The ’97 Asian financial crisis showed that policies to reduce migration, such as limiting migrant work permits or cutting jobs and deporting workers, are not successful in reducing irregular migration. Without access to formal channels of migration, many people on the move seek informal, unsafe channels of movement that puts them in conditions with greater risk and vulnerability to HIV. Also, cuts in HIV government funding risks losing all the achievements made in reducing the spread of the AIDS epidemic on a national scale.

The paper illustrates that governments have stopped issuing work permits, are cracking down on undocumented migrants (Malaysia, Taiwan) and many foreign workers in manufacturing and construction are being laid off (Indonesia, China). Also, in several countries there are increasing reports of worsening working conditions (in Hong Kong, Taiwan, Malaysia and Singapore).

There are increasing concerns that female migrants who lose their jobs may move into sex work to survive. In Cambodia, for example, 70,000 garment workers, mostly female, have lost their jobs since the crisis began. A recent study by the UN Inter-Agency Project on Human Trafficking has found that among a sample of sex workers, 58% of them entered into sex work in the wake of the financial crisis, and that 19% of these women were former garment sector workers.

“In times of economic downturn, we cannot forget the needs and rights of migrant workers who are such an integral part of so many economies, especially in our region” says Dhannan Sunoto, of the ASEAN Secretariat. “It is critical to ensure that potential migrants are not barred from working abroad based on their HIV positive status, and that migrants working abroad are not deported because of their positive status.”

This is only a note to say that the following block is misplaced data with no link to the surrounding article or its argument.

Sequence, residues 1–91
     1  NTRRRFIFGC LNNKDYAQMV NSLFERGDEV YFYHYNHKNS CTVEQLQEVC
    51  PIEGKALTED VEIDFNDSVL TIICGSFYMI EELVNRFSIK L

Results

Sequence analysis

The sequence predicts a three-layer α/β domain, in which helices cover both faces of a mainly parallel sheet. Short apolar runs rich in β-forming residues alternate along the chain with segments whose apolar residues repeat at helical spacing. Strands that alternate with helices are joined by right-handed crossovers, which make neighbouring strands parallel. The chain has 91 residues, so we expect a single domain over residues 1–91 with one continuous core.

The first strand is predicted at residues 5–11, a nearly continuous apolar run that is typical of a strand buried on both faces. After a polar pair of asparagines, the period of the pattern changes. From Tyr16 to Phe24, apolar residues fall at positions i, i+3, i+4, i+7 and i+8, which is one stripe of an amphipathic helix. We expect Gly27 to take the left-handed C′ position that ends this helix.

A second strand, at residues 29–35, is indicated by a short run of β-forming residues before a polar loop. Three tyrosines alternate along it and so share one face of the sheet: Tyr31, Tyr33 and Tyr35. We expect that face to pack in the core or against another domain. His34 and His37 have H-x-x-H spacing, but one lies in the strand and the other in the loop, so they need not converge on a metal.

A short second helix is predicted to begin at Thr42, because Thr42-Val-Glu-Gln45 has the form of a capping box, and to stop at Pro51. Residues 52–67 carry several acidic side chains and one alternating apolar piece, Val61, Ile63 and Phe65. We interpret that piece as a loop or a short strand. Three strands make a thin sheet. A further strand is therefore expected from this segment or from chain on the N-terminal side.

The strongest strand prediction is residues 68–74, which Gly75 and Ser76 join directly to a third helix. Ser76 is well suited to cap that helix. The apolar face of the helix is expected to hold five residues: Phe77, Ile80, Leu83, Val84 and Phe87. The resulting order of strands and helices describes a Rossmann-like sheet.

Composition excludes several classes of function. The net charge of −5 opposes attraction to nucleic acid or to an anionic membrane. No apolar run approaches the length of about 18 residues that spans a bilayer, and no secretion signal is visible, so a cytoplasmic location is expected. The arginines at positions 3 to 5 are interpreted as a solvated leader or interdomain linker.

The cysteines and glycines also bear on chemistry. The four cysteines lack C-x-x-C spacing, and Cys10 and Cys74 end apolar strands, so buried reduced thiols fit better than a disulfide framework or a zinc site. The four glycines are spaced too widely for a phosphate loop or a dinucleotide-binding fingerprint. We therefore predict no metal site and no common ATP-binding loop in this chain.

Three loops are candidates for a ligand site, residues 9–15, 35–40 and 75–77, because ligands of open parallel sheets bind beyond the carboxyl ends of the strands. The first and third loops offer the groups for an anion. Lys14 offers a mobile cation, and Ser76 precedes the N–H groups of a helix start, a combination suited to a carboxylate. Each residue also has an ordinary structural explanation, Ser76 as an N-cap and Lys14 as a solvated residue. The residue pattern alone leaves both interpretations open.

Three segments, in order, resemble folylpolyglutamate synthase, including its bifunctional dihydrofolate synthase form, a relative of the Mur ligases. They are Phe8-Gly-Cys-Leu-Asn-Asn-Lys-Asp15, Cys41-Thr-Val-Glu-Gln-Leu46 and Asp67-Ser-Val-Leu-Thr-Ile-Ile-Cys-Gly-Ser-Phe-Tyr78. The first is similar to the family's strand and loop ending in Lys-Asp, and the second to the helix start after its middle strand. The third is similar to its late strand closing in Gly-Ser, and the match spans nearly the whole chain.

“In the context of the current economic crisis we have reports of increased human rights violations, and pressure on migrant workers to move from formal to informal employment or to return to their countries of origin. These trends are likely to exacerbate vulnerability to HIV” says Dr Sophia Kisting, Director of the ILO Programme on HIV/AIDS and the world of work.

“The ILO is in the process of formulating an international human rights instrument on HIV/AIDS and the world of work. If adopted in 2010, this standard focusing solely on HIV and the world of work will give new impetus to anti-discrimination policies at national and workplace levels”, she adds.

According to Rina, from the Philippines, a positive migrant worker, “Undocumented migrant workers are more vulnerable to a lot of problems and challenges including getting infected with HIV because their rights are not protected.”

She continues,“The global recession will affect more and more migrants, and several will become undocumented, moreover, health services for non nationals will be a major challenge. I urge policy makers and practitioners to look into this and ensure that migrants are not further discriminated or marginalized.”

The paper outlines key recommendations for host countries and countries of origin, as they both have an equal responsibility to provide protective policies and programmes. These include:

* Establish protective mechanisms like welfare funds, social insurance schemes and training programmes to help migrants returning home or to relocate on site. Investment to support one migrant or mobile person impacts estimated 3-5 family members in their home countries.